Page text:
Our wood flooring industry right now has become, in some ways, like Seinfeld: a show about nothing. (Photo: Shutterstock)After several weeks of fairly brisk sales in the Northeast (as was happening during my last post), the COVID-19 virus has begun to wreak economic havoc in addition to its blight upon humanity. Seemingly moving from New York through Connecticut and spreading viciously through Massachusetts and Rhode Island, it appears that here in New Hampshire we have become the primeval edge of the universe. As quickly as the virus spread, so has this “calm eye of the storm” that brings with it an unnerving silence. Phones have quieted. Customers, vendors, and clients have hunkered in. It’s a bit creepy, and yet awkwardly Seinfeldian, that the hardwood flooring industry has at times become a show about nothing.

“Nothing” comes in many forms: a lack of phone calls, toilet paper and sales. Lately, the lack of human contact. Our contractors report that for all there is lacking, they continue to find work on new construction sites and in private residences. Many tell us there are do-it-yourselfers installing flooring and then affording them the time and social distancing to sand and finish their undertakings. Others report that prefinished flooring installations have filled their days quite nicely. For such a lack of interpersonal contact and a silencing of customer service departments, there is still work being done. Nothing from nothing leaves nothing … and hardwood flooring, apparently.

Flooring dealers—brick and mortar shops—seem to be the hardest hit right now. Here, contractors and distributors are considered “COVID essential” based upon our protection of the forest products industry, small businesses, and craftsmen/tradesman. Dealers cannot open their doors to the general public for serious and sobering reasons. Dealers welcome the public in, as contractors and distributors bring our labor and materials out to the public, having the ability to supply goods and services in a safe and socially responsible manner.

Industry people are discussing two distinct concerns: health and safety, and economic preservation. No one wants to catch or spread COVID-19. Similarly, fear exists regarding the possible loss of jobs, savings and financial investments. I spoke with a 95-year-old master craftsman who told me in his lifetime the only thing more daunting than the polio epidemic and Great Depression was war itself. All, he pointed out, were frightful, life-changing, disastrous events, and this pandemic imposes a very similar panic and toxicity. This dark and tragic time in human history is our generation’s “Do you remember where you were when…” moments. The lesson he imparted to me as this quiet “nothing” begins to settle in is that we all get lulled into complacency through years of comfort and abundance. He told me that no matter our progress, something will always drop us to our knees, and from these immensely difficult events, we should pay attention and be prepared. The lessons of this pandemic are ours to impress upon those who follow. There’s a lot to learn from the silent phones—the nothing.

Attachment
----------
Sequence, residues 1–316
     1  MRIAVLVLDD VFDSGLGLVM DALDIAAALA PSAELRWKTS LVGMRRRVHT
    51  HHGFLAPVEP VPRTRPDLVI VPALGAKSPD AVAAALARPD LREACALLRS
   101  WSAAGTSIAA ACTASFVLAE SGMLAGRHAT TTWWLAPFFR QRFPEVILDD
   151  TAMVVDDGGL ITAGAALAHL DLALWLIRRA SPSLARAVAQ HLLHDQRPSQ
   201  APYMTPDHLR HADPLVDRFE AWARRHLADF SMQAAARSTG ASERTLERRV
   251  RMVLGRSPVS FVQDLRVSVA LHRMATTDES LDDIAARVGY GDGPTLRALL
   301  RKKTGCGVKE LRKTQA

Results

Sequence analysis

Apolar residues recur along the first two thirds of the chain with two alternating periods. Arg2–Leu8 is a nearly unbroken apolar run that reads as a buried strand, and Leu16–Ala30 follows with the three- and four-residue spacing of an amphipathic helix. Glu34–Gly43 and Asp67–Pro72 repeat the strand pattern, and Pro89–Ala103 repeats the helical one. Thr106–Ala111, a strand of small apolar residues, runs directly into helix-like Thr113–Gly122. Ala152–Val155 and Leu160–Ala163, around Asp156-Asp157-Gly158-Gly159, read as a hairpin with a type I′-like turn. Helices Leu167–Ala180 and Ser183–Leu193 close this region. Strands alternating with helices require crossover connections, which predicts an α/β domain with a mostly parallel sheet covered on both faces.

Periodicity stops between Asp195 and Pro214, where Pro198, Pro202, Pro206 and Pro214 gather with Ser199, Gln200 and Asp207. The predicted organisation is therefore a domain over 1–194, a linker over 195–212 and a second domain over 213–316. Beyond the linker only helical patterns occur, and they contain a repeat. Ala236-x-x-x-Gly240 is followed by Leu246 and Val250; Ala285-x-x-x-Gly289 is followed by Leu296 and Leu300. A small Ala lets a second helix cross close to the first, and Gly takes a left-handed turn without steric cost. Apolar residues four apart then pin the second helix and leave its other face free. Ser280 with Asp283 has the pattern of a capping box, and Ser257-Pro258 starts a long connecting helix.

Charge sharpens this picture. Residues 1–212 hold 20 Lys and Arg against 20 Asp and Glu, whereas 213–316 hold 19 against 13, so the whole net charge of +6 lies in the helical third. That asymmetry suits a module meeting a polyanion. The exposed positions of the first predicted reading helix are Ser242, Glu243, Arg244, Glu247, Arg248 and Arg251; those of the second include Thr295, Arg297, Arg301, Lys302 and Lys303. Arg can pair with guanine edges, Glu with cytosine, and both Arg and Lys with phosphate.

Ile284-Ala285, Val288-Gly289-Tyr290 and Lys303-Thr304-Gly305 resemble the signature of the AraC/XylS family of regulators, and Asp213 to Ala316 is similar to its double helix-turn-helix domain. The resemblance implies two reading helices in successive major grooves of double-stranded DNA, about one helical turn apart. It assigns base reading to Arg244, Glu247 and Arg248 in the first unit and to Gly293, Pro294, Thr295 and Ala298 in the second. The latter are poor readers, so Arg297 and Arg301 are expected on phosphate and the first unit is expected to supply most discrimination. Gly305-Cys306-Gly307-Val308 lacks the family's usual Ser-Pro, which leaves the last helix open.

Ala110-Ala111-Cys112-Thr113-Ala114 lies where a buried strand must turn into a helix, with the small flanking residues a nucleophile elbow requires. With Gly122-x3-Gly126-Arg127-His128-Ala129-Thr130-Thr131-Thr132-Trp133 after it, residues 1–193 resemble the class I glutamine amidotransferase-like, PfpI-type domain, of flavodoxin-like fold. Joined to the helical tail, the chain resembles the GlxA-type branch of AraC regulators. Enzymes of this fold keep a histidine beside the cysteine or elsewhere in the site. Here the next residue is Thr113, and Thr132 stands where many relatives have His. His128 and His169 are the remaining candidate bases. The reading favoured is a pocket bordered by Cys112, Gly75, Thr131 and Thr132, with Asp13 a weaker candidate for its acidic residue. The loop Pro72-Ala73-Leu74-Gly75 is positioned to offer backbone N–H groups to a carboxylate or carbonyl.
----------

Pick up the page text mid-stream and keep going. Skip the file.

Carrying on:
He told me that no matter our progress, something will always drop us to our knees, and from these immensely difficult events, we should pay attention and be prepared.

As of today, Tuesday, April 14 at 4 p.m., we impatiently wait through the growing silence of businesses and busy-ness for what will come next. For those who can work, we do it proudly (and safely). For those who must stay in for the safety of all, be equally proud. For the good of us all, when this is over and we are picking up the pieces, let’s do what we can to honor the rebirth of our world and our industry. Let’s work together, be helpful wherever we can, and begin by sharing our collective years of knowledge, craftsmanship, and modern technologies. We can bring the best of our resources and resolve to the homes that have become our venerated sanctuaries.

Universally, the most beautiful and valuable furnishings in our homes have always been hardwood floors. At this globally trying time, the very decent and talented people of our industry will be here to rebuild and beautify the rooms and spaces that sheltered us through all the darkness and uncertainty. Through the nothingness, prosperity and resolve will resurface and the burned fields will flower. I have said it before, and I believe it to be true … We got this.

Stephen Diggins works for Wood Pro Inc. in their Salem, N.H., branch as manager and training director. He has many years of installation, sanding, finishing, gymnasium design and technical consulting experience, which he uses to assist his flooring customers on a regular basis. With almost 30 years in the flooring industry, he has been a freelance columnist for magazine, newsprint and online medias and has conducted product seminars ranging from wood flooring to luxury vinyl tile.